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The Garden Club of America Awards in Tropical Botany

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Category: Botany

The Garden Club of America Awards in Tropical Botany

FOR DOCTORAL CANDIDATES IN BOTANY

History, Arundel Scholarship: The first GCA Awards in Tropical Botany were established in 1983 with a five-year incentive grant of $50,000 from the Wildcat Foundation. They were created by Mrs. Russell Arundel, horticulturist and dedicated environmentalist from the Warrenton (Virginia) Garden Club, and provided for two $5,000 grants a year so that doctoral candidates could pursue independent field study in the tropics. During that five-year period, over 100 applications were received for the grants. In 1989 the GCA Executive Committee voted to establish the awards on a permanent basis, and subsequently allocated $100,000 to fund the Arundel Scholarship.  

History, Visiting Gardens Scholarship: The Visiting Gardens Scholarship was established in addition to the Arundel Scholarship with a $100,000 donation from the Visiting Gardens Committee. These monies represented donations to the GCA by participants in the Visiting Gardens' trips.

Purpose: To promote the preservation of tropical forests by enlarging the body of botanists with field experience.

Provisions: Provides two or more grants of $5500 annually to enable field study in tropical botany. (Award amounts were increased from $5000 in 1994.) Generally, one grant is awarded in the area of tropical plant systematics and a second is awarded in tropical forest ecology.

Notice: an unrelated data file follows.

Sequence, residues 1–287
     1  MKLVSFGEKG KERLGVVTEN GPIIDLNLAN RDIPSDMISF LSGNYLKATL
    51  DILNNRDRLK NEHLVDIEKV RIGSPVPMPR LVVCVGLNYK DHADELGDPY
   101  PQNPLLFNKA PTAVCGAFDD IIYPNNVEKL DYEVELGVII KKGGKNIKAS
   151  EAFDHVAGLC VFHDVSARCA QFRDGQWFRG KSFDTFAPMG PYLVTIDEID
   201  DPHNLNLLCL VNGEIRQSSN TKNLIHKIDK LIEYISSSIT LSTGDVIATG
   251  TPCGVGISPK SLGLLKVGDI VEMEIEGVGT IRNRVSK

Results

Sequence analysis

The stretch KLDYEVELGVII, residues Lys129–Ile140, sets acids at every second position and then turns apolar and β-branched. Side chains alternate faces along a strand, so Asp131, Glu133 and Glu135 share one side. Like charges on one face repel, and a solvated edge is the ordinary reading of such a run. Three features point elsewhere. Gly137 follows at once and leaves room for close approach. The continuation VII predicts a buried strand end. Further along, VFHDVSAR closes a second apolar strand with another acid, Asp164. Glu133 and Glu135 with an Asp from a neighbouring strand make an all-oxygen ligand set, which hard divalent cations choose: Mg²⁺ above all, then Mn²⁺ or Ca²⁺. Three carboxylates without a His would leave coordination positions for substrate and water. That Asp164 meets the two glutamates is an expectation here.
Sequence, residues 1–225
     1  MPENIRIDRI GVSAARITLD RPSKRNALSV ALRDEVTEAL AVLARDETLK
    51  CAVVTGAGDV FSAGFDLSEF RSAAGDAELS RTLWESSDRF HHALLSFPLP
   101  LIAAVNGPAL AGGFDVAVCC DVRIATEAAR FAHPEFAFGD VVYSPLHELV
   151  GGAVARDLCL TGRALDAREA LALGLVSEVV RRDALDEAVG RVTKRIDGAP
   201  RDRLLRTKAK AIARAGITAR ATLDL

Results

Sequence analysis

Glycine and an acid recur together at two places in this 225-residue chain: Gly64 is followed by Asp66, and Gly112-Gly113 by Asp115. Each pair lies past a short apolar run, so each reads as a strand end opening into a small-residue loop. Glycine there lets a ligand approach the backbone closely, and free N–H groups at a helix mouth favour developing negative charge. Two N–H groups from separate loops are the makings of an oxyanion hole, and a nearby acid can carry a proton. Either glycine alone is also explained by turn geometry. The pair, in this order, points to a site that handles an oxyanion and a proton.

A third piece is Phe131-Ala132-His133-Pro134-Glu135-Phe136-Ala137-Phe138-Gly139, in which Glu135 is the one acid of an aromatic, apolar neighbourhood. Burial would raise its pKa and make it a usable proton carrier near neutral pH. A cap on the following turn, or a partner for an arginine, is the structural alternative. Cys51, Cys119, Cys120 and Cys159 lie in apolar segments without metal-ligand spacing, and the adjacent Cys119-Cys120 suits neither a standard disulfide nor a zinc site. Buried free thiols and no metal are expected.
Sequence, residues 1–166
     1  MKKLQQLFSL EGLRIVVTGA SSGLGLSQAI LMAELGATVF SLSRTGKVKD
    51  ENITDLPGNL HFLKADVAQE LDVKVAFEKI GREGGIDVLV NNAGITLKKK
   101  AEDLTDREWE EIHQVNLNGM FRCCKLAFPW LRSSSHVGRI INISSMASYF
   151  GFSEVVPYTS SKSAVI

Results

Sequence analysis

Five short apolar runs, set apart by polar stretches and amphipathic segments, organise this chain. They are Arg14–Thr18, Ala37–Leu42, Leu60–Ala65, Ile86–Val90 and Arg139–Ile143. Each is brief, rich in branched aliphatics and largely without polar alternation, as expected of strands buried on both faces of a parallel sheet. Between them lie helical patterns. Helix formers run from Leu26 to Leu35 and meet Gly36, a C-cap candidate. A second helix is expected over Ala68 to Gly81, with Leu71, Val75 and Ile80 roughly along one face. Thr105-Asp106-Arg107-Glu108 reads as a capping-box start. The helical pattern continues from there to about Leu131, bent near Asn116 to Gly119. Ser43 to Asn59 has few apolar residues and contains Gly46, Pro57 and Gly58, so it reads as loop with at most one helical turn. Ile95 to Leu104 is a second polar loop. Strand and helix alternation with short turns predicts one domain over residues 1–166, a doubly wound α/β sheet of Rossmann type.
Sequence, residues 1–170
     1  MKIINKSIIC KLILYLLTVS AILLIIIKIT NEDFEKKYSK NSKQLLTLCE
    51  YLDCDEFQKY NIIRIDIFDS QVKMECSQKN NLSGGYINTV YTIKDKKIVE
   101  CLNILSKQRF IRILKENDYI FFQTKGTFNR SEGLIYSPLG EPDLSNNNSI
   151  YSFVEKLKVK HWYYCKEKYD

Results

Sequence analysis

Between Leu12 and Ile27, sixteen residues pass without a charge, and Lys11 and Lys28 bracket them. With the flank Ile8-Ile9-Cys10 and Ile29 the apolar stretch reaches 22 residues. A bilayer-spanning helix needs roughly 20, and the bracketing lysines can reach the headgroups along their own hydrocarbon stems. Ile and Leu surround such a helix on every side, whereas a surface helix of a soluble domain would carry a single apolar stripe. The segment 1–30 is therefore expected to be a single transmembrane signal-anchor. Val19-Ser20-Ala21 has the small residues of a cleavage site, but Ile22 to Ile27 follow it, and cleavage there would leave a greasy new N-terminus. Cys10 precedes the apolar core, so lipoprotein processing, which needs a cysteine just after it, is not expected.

Eligibility: Open to students who anticipate completing the requirements for a Ph.D. in Botany within two years. Applicants must already be Ph.D. candidates enrolled at a US university. Eligibility is open to U.S. Citizens and permanent residents who are enrolled in a U.S. - based institution. 

To Apply: There is no formal application form. Candidates should submit an application packet including the following:

  • A personal letter describing the candidate's plans for the future and commitment to tropical conservation; and
  • A two-page statement of the proposed research, including its relevance to conservation, beginning with a summary statement of the proposal’s purpose, field location, plant group/vegetation type and questions to be answered;
  • One letter of recommendation from the student's graduate advisor that includes an evaluation of the student's progress to date and a statement confirming Ph.D. candidacy;
  • Evidence of foreign language capability, if necessary for country of research; and
  • A brief curriculum vitae (1-2 pages).

Please submit all information as one PDF document. Please use standard 8.5" x 11" size paper, no smaller than 10-point, Times New Roman font, single spaced or greater, and 1" margins on all sides. References and graphics do not count toward the two-page limit. Please email the document to andrea.santy@wwfus.org.

Applications must be postmarked by January 15 preceding the proposed period of study. PLEASE NOTE: ONLY ONE GCA SCHOLARSHIP, FELLOWSHIP OR AWARD MAY BE APPLIED FOR ANNUALLY.

Selection: World Wildlife Fund has organized and managed the program since its inception. A panel of botanists appointed by WWF screens and selects candidates, and final approval is at the discretion of the GCA Scholarship Committee.

Fund: The Marjorie Arundel Awards in Tropical Botany Fund and the Visiting Gardens Tropical Botany Scholarship Fund are managed by the GCA.

Contact: Andrea Santy, Director, Education for Nature Program, World Wildlife Fund, 1250 24th Street NW, Washington, DC 20037. Phone: (202) 495-4447, e-mail: andrea.santy@wwfus.org.

 

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Scholarship Opportunities Abound

The Garden Club of America offers 28 merit-based scholarships and fellowships in 12 areas related to conservation, ecology, horticulture, and pollinator research. In 2018, more than $308,400 were awarded to 65 scholars.

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